“growing up i experienced unschooling as a compromise, the more appealing of the two extremes available in georgia given my family’s modest budget: staying at home and teaching myself, or going to public school and having my spirit crushed. what i really wanted – what i still want, even now, as an adult- is that intellectual community i was looking for in high school and college but never quite found. i would have loved to commune with other young people and find out what a school of freedom could be like. but for some reason, such a possibility was unthinkable, a wild fantasy – instead, the only option available was to submit to irrational authority six and a half hours a day, five days a week, in a series of cinder-blcok holding cells. if nothing else, we should pause to wonder why there’s so rarely any middle ground.” (n+1, p.78)

order now – support this publication. accolades to n+1 for printing such a piece.

then read: http://nplusonemag.com/learning-in-freedom

astra taylor!

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“Next to the right to life itself, the most fundamental of all human rights is the right to control our own minds and thoughts. That means, the right to decide for ourselves how we will explore the world around us, think about our own and other persons’ experiences, and find and make the meaning of our own lives.”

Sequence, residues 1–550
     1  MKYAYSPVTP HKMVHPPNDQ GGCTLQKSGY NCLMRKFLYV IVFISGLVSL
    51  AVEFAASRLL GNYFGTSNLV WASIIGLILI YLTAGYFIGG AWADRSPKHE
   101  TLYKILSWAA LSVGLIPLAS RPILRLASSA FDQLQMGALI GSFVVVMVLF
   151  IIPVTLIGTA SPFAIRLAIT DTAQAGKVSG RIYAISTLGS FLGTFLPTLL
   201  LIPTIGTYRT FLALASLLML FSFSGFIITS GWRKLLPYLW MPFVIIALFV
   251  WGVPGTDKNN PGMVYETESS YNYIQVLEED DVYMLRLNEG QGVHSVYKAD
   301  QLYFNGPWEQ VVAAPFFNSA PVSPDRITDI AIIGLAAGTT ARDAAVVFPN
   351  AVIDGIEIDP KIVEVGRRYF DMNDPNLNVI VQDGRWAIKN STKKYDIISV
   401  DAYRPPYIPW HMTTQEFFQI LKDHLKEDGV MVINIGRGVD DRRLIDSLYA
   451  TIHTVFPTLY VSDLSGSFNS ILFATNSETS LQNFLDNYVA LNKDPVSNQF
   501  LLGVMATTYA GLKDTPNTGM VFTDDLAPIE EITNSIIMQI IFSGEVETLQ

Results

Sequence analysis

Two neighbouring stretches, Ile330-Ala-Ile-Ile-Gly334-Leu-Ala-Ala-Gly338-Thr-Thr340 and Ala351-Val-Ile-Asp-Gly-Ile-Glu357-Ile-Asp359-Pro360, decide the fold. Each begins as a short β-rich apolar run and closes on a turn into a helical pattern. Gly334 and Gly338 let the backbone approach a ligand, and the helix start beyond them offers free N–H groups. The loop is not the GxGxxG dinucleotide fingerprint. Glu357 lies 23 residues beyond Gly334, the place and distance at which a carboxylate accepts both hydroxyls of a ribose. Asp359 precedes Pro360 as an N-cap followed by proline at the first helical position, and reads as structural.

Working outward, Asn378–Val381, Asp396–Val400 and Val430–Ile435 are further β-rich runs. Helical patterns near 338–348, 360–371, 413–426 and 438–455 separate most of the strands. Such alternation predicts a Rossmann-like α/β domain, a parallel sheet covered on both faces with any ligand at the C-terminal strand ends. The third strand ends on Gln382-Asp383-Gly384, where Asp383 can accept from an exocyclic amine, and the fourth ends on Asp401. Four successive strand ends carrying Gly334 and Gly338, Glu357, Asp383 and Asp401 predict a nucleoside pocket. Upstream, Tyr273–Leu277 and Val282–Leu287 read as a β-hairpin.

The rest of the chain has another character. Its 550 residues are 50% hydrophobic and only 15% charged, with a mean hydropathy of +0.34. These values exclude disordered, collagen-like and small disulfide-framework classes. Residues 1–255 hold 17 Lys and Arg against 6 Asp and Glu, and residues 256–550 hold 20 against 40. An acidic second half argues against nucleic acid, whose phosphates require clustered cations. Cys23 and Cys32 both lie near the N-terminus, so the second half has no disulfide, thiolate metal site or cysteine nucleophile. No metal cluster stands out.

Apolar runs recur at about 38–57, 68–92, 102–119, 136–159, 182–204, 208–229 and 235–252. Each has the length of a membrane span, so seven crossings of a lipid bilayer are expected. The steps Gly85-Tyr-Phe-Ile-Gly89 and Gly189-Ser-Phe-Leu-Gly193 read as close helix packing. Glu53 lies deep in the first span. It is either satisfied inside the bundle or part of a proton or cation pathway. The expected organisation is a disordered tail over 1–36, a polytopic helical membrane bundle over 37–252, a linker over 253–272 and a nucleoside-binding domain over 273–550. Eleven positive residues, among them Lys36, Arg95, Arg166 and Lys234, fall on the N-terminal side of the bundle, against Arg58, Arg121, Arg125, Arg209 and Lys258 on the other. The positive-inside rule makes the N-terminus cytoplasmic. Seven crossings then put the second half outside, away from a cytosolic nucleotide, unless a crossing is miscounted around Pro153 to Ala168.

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“By “doing” I do not mean only things done with the body, the muscles, with hands and tools, rather than with the mind alone. I am not trying to separate or put in opposition what many might call the “physical” and the “intellectual.” Such distinctions are unreal and harmful. Only in words can the mind and body be separated. In reality they are one; they act together. So by “doing” I include such actions as talking, listening, writing, reading, thinking, even dreaming.”

***